click to enlarge the_goat_or_who_is_sylvia_photo_by_marco_digeorge.jpg

Photo by Marco DiGeorge

'The Goat, or Who Is Sylvia?' is the latest show to face a reassessment in the wake of the #MeToo movement 

Theater lovers are used to the idea that art should influence – and sometimes even upend – our opinions on social and political issues, but we get twitchy when that proposition is turned around. By now, I've become accustomed to Theater on the Edge – the storefront stage in south Orlando associated with Truthful Acting Studios – making me confront challenging issues with their hard-hitting, high-intensity productions. But I wasn't prepared for their take on Edward Albee's The Goat, or Who Is Sylvia?, to make me reconsider a show, and a playwright, that I thought I knew inside out.

In college I became obsessed with the acidic satires of Edward Albee, especially his groundbreaking 1958 one-act The Zoo Story, which was the first show I ever directed. So, when The Goat, or Who Is Sylvia? opened on Broadway in 2002, I eagerly attended Albee's caustic comeback. That initial production starred film actor Bill Pullman as Martin Gray, a Pritzker-winning architect at the peak of his career who has it all: an adoring wife, Stevie (created by Mercedes Ruehl); a loving teenage son, Billy; a gorgeous home filled with fine art; and [spoiler alert] a four-legged mistress whom he keeps in a barn.

The supposedly sophisticated Manhattan audience I first experienced the show with visibly squirmed at Albee's sympathetic treatment of bestiality, which (along with necrophilia and pedophilia) is among our society's last unforgivable sins. But I reveled in the author's taboo-busting bravery, and sympathized with the protagonist's compulsion to follow his heart in defiance of conventional morality. In fact, I was so enamored of the show that I spent the next decade looking for an opportunity to bring it to Orlando, and finally co-produced it at the Shakes in 2014 through the Empty Spaces Theatre Co., with John DiDonna and Marty Stonerock in the leading roles.

Half a decade later, producer-director Marco DiGeorge has revived the play with a version that's made me radically rethink what I previously regarded as a modern classic. The dialogue – which is peppered with classical allusions amid the venomous witticisms and perverse poetry – is as literate as ever, but a series of aesthetic decisions put a spin on the script, starting with the production design. Other productions of the play have employed abstracted set designs to emphasize the absurdist theatricality of the story, softening its earthier aspects. Designer Samantha DiGeorge's immaculate upscale living room environment, like her earlier hyperrealistic sets, is realistically grounded to the smallest detail, which makes the shattering later scenes excruciatingly gut-churning.

The second element is the casting. As Stevie, Merritt Anne Greene can smash plates and swig whiskey with the best of them; I'd love to see her as Martha in Who's Afraid of Virginia Woolf?. Theater on the Edge regular Adam Minossora pours his heart into making Billy – a bystander to his parents' marital meltdown – more than just a hormone-addled hysteric. However, leading actor Allan Whitehead, who was excellent in the theater's previous productions of Proof and Orphans, is cast against type as Martin, who is described (and usually played by) a conventionally attractive man in the prime of his life. Here, with his comically obvious comb-over and too-wide tie, he seems more like a second-rate politician than a successful architect, and his absent-mindedness in the opening scene comes across as early-stage Alzheimer's rather than stress-induced distraction. Equally impactful is Mark Anthony Kelly's presence as Martin's confidant, Ross Tuttle. It's a thin role that mostly serves as a conduit for Martin's confessions, but Kelly's barely disguised disgust makes him the audience's surrogate. And by casting the role as African American (even though race is never referred to) it implicitly raises issues of white privilege around Martin's pleas for tolerance.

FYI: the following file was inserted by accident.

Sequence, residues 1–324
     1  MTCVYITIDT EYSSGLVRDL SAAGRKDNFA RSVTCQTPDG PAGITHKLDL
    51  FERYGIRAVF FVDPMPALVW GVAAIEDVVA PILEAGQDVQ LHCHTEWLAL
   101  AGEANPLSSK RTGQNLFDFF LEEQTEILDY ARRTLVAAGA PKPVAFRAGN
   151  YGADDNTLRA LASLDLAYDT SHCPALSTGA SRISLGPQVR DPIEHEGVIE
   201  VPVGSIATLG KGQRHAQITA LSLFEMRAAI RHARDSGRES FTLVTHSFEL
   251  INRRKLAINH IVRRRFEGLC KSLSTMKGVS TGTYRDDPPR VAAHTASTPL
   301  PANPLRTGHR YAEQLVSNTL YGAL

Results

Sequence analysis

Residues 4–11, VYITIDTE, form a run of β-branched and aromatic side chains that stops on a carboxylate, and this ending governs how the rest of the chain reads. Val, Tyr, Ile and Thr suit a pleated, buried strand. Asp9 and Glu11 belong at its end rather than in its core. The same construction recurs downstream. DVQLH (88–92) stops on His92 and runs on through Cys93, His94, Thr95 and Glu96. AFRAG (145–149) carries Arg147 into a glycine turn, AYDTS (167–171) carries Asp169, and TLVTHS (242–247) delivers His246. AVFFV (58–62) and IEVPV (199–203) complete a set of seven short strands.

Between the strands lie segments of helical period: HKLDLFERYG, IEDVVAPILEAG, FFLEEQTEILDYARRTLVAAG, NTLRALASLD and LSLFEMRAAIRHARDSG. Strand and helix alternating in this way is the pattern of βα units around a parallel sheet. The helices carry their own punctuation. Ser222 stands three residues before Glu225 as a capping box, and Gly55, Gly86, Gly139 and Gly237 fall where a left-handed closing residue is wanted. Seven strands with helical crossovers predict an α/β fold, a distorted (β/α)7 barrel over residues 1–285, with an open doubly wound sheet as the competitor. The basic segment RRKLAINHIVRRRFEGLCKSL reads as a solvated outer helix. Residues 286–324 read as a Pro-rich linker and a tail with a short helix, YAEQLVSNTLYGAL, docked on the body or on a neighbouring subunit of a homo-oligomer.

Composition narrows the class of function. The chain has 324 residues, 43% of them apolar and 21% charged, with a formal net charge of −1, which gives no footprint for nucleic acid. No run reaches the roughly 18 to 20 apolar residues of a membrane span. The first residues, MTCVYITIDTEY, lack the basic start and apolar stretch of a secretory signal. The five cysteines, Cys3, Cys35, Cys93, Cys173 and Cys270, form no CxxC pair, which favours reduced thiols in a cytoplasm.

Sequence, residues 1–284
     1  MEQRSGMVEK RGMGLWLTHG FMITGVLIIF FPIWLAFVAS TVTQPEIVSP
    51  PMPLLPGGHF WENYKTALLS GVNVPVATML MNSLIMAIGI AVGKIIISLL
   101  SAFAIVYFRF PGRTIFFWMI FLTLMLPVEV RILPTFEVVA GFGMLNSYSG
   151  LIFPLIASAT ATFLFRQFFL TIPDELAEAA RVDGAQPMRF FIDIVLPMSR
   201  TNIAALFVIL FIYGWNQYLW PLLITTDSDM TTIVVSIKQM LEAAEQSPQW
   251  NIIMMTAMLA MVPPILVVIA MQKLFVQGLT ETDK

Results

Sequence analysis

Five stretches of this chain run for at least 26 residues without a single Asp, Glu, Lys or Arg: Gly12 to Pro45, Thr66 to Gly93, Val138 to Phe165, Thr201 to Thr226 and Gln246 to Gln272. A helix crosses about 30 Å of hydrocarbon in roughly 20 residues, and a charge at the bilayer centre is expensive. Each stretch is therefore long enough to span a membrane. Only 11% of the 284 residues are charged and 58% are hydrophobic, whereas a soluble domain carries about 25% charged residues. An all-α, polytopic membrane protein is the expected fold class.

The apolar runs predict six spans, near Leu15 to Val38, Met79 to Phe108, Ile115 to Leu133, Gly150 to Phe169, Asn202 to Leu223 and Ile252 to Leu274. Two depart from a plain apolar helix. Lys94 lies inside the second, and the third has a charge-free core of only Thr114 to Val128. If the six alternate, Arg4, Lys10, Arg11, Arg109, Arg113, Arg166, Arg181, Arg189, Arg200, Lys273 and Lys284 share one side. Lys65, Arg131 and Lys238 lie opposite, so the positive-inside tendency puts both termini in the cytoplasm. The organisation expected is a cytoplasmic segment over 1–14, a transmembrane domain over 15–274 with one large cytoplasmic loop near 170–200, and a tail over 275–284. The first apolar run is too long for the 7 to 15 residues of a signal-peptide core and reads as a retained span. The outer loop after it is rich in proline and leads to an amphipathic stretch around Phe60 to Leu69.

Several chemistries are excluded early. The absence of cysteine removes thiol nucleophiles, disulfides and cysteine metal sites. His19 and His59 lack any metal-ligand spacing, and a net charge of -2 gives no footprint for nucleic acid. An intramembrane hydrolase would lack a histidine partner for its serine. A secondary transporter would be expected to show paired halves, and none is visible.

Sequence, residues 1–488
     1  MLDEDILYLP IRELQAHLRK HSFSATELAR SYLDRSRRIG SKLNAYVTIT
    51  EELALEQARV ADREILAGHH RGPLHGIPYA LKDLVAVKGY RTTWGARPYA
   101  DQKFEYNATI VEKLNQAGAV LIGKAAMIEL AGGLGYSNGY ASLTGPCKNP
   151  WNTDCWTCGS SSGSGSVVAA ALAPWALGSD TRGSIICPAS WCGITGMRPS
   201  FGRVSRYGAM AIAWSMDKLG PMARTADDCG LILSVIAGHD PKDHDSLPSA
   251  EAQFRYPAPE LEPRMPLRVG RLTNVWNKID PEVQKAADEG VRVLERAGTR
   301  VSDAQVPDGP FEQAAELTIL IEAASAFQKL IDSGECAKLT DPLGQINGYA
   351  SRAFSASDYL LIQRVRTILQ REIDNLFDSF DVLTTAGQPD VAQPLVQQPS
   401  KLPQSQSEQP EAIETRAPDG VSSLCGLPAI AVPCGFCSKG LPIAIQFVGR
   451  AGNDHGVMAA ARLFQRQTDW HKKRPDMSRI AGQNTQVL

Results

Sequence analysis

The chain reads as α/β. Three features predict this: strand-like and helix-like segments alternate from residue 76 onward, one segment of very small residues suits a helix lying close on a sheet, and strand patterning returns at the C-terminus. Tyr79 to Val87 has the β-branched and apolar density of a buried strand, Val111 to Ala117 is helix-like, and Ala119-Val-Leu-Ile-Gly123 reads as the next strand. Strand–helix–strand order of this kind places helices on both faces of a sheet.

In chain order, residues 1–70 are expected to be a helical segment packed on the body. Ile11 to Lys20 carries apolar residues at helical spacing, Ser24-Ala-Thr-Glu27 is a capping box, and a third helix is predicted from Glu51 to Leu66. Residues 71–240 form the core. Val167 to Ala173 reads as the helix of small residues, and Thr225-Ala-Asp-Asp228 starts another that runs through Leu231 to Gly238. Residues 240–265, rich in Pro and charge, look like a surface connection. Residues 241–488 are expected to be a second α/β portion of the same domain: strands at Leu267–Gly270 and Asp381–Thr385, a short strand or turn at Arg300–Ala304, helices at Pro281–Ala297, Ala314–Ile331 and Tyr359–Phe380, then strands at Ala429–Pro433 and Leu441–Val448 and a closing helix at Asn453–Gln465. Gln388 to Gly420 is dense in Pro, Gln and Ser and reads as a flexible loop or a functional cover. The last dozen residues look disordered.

Indeed, that question is further invoked by the third aspect of this production: its direction. I've praised DiGeorge's Meisner-centered style before for its energy and immediacy, but this time it results in virtually nonstop yelling, from the broadly farcical opening to the melodramatic final blackout. Not only does this leave the actors with nowhere to build toward (and the viewer with aching eardrums), but it actively extinguished any empathy I felt for Martin. Instead of finding myself perversely rooting for his pursuit of unconventional love, this time the scales were lifted from my eyes, and I could barely muster pity for this homophobic mansplaining rapist who constantly shouts down those around him with demands that they listen to him, while never acknowledging the validity of anyone's emotions but his own.

To be honest, I've been cooling on Albee's work for years, ever since his irrationally abusive reaction to Peg O'Keef's brilliant staging of The Zoo Story & The Sandbox led to her leaving Rollins College, but this Who Is Sylvia may have finally gotten my goat. It's a bit of a shock to walk into a play expecting a reunion with one of your favorite radical antiheroes, only to emerge realizing that his previously inspiring progressivism was really just self-serving justification for pursuing personal pleasure at all cost. I'm not about to throw away my collection of Albee scripts quite yet, but in this era of Trump and Biden, I'm a lot less interested in plays premised around arguing that powerful white men should be able to put their body parts wherever they please.

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